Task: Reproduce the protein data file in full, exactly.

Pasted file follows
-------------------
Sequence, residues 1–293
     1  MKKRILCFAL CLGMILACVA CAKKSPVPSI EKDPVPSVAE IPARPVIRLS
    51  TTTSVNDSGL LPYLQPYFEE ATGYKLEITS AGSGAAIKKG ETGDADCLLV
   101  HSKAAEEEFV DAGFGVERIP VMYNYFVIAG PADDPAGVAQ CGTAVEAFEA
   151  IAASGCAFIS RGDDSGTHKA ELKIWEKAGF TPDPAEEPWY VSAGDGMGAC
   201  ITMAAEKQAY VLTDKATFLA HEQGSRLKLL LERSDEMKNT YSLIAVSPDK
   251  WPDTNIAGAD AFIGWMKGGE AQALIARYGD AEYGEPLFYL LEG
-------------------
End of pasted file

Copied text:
Sequence, residues 1–293
     1  MKKRILCFAL CLGMILACVA CAKKSPVPSI EKDPVPSVAE IPARPVIRLS
    51  TTTSVNDSGL LPYLQPYFEE ATGYKLEITS AGSGAAIKKG ETGDADCLLV
   101  HSKAAEEEFV DAGFGVERIP VMYNYFVIAG PADDPAGVAQ CGTAVEAFEA
   151  IAASGCAFIS RGDDSGTHKA ELKIWEKAGF TPDPAEEPWY VSAGDGMGAC
   201  ITMAAEKQAY VLTDKATFLA HEQGSRLKLL LERSDEMKNT YSLIAVSPDK
   251  WPDTNIAGAD AFIGWMKGGE AQALIARYGD AEYGEPLFYL LEG